The <- can be used with any action (except the last)编辑

On the flip side, there are also very few restrictions which actions can have values obtained from them. Consider the following example, where we put the results of each action into a variable (except the last... more on that later):

例子: putting all results into a variable

main = do
  x <- putStrLn "Please enter your name: "
  name <- getLine
  putStrLn ("Hello, " ++ name ++ ", how are you?")


The variable x gets the value out of its action, but that isn't very interesting because the action returns the unit value (). So while we could technically get the value out of any action, it isn't always worth it. But wait, what about that last action? Why can't we get a value out of that? Let's see what happens when we try:

例子: getting the value out of the last action

main = do
  x <- putStrLn "Please enter your name: "
  name <- getLine
  y <- putStrLn ("Hello, " ++ name ++ ", how are you?")

Whoops!

YourName.hs:5:2:
    The last statement in a 'do' construct must be an expression


This is a much more interesting example, but it requires a somewhat deeper understanding of Haskell than we currently have. Suffice it to say, whenever you use <- to get the value of an action, Haskell is always expecting another action to follow it. So the very last action better not have any <-s.

這是一個很有趣的例子,相對於我們現在所認知的它需要一些對 Haskell 更深入的瞭解。只要用一句話就夠了,那就是無論你何時要使用 <- 去取得一個動作的值,Hasekell 總是期待後面還會有其它動作。所以,在最後一個動作最好不要有這個 <-

Controlling actions编辑

Normal Haskell constructions like if/then/else and case/of can be used within the do notation, but you need to be somewhat careful. For instance, in a simple "guess the number" program, we have:

    doGuessing num = do
       putStrLn "Enter your guess:"
       guess <- getLine
       if (read guess) < num
         then do putStrLn "Too low!"
                 doGuessing num
         else if (read guess) > num
                then do putStrLn "Too high!"
                        doGuessing num
                else do putStrLn "You Win!"

If we think about how the if/then/else construction works, it essentially takes three arguments: the condition, the "then" branch, and the "else" branch. The condition needs to have type Bool, and the two branches can have any type, provided that they have the same type. The type of the entire if/then/else construction is then the type of the two branches.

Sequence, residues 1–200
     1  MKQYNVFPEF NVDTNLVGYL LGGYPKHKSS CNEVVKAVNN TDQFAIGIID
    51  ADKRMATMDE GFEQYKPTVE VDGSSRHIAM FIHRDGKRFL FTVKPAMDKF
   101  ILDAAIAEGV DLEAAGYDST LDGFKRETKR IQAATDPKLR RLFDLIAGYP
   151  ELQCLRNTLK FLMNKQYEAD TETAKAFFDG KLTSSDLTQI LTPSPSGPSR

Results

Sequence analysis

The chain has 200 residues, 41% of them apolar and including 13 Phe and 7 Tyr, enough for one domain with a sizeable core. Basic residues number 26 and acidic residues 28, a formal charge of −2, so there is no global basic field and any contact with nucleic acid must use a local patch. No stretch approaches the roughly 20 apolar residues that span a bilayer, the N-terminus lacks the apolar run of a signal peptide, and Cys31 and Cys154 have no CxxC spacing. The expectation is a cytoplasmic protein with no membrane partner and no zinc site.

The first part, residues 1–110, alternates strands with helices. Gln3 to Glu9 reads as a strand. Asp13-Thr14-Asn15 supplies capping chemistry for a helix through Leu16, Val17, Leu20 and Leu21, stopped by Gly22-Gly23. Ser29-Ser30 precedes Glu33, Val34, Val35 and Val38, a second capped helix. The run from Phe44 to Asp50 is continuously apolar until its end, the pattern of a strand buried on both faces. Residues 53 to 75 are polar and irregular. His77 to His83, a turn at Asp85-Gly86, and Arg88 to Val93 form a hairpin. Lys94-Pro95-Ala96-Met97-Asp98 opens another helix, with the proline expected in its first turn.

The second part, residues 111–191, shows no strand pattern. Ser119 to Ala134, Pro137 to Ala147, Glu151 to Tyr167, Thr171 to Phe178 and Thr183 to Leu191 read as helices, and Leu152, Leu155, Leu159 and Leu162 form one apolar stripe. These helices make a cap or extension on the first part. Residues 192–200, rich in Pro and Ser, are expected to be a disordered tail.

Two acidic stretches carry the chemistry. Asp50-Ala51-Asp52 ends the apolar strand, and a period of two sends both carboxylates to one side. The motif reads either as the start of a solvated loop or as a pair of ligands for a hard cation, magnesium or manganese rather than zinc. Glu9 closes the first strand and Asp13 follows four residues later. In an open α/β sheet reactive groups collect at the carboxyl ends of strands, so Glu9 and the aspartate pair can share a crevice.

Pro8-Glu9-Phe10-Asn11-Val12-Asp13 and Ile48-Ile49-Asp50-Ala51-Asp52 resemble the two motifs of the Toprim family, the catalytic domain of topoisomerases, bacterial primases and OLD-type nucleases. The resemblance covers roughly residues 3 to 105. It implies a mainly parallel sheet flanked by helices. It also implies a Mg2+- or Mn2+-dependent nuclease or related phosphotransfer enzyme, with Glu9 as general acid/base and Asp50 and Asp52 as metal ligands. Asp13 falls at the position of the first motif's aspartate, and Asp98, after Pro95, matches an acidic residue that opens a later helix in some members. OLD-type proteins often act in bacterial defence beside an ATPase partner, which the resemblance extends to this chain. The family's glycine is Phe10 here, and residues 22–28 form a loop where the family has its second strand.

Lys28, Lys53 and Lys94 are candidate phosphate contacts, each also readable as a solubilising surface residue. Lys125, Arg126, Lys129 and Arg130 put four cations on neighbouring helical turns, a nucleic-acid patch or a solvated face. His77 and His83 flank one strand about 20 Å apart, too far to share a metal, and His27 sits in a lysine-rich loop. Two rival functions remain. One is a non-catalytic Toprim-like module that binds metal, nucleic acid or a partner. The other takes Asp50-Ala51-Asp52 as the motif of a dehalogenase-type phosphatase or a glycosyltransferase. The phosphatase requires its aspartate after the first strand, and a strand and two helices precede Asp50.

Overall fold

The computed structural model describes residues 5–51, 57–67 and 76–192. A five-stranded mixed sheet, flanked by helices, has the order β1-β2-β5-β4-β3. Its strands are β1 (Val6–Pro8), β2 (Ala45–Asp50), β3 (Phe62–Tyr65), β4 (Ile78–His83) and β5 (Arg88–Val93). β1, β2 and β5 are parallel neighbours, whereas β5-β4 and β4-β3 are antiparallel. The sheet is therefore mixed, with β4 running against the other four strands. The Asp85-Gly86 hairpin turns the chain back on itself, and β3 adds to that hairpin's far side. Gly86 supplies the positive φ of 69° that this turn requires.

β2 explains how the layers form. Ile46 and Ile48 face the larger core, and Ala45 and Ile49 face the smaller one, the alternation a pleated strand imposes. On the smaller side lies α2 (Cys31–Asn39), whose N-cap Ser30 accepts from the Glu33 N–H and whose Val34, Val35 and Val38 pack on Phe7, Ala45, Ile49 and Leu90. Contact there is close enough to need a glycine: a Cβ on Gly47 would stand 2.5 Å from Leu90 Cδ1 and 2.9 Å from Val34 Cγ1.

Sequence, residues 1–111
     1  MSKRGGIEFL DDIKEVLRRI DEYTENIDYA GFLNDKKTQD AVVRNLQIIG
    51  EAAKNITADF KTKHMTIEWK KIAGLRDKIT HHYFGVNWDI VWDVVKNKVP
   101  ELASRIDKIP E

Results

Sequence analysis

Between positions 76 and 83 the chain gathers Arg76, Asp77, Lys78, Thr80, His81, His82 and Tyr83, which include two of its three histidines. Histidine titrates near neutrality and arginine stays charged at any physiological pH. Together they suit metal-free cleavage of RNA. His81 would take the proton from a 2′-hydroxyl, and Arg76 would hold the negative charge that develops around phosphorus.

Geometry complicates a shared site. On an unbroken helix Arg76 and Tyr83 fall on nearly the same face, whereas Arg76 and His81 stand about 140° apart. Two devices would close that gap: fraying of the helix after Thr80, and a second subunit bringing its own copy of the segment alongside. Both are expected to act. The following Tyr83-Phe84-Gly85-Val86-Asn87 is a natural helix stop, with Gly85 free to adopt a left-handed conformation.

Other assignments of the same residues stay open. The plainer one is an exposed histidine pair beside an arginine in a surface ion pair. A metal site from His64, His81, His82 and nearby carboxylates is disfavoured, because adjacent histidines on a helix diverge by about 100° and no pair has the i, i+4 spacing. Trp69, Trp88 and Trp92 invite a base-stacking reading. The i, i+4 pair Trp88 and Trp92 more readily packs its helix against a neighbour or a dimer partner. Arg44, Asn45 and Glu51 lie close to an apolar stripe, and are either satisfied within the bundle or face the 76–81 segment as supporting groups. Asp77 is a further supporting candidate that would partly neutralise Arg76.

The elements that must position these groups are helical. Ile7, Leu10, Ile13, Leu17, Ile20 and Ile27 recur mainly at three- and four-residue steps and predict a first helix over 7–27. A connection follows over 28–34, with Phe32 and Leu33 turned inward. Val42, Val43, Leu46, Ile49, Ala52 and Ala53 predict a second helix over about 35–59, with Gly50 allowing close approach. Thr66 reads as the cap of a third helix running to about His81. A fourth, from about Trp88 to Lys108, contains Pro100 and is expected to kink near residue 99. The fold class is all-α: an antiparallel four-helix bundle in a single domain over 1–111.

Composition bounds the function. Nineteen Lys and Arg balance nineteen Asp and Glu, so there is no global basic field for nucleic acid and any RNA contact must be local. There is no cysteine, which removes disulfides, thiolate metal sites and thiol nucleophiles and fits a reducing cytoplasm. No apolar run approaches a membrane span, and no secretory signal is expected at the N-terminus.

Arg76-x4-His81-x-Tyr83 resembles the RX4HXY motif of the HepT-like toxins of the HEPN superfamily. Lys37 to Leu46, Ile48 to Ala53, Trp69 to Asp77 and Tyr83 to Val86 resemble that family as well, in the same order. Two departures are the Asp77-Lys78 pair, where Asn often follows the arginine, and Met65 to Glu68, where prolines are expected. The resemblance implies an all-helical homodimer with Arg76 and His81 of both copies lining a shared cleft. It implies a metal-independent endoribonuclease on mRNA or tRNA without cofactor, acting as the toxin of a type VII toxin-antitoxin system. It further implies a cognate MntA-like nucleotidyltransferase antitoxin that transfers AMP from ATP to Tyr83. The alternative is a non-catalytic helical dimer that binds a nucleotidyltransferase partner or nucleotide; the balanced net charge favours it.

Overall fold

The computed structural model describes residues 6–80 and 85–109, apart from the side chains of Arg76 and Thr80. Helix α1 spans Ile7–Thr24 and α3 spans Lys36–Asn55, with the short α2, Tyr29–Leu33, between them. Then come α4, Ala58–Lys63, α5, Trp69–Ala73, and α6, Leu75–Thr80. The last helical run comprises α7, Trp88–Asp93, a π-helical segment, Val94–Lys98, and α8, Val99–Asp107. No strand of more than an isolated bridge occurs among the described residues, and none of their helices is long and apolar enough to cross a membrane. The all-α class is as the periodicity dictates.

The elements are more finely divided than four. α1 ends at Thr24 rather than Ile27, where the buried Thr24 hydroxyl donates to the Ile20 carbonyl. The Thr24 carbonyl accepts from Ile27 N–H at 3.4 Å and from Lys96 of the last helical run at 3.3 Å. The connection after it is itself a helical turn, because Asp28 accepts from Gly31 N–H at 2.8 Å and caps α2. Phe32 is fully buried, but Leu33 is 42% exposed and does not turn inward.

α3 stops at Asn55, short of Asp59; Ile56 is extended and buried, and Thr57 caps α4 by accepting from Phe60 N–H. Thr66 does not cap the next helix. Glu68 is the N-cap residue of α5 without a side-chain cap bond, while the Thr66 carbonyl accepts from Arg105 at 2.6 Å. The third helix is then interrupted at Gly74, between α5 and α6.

In the outermost comparison, we have (read guess) < num as the condition. This clearly has the correct type. Let's just consider the "then" branch. The code here is:

              do putStrLn "Too low!"
                 doGuessing num

Here, we are sequencing two actions: putStrLn and doGuessing. The first has type IO (), which is fine. The second also has type IO (), which is fine. The type result of the entire computation is precisely the type of the final computation. Thus, the type of the "then" branch is also IO (). A similar argument shows that the type of the "else" branch is also IO (). This means the type of the entire if/then/else construction is IO (), which is just what we want.

注解

In this code, the last line is else do putStrLn "You Win!". This is somewhat overly verbose. In fact, else putStrLn "You Win!" would have been sufficient, since do is only necessary to sequence actions. Since we have only one action here, it is superfluous.

It is incorrect to think to yourself "Well, I already started a do block; I don't need another one," and hence write something like:

    do if (read guess) < num
         then putStrLn "Too low!"
              doGuessing num
         else ...

Here, since we didn't repeat the do, the compiler doesn't know that the putStrLn and doGuessing calls are supposed to be sequenced, and the compiler will think you're trying to call putStrLn with three arguments: the string, the function doGuessing and the integer num. It will certainly complain (though the error may be somewhat difficult to comprehend at this point).

We can write the same doGuessing function using a case statement. To do this, we first introduce the Prelude function compare, which takes two values of the same type (in the Ord class) and returns one of GT, LT, EQ, depending on whether the first is greater than, less than or equal to the second.

doGuessing num = do
  putStrLn "Enter your guess:"
  guess <- getLine
  case compare (read guess) num of
    LT -> do putStrLn "Too low!"
             doGuessing num
    GT -> do putStrLn "Too high!"
             doGuessing num
    EQ -> do putStrLn "You Win!"

Here, again, the dos after the ->s are necessary on the first two options, because we are sequencing actions.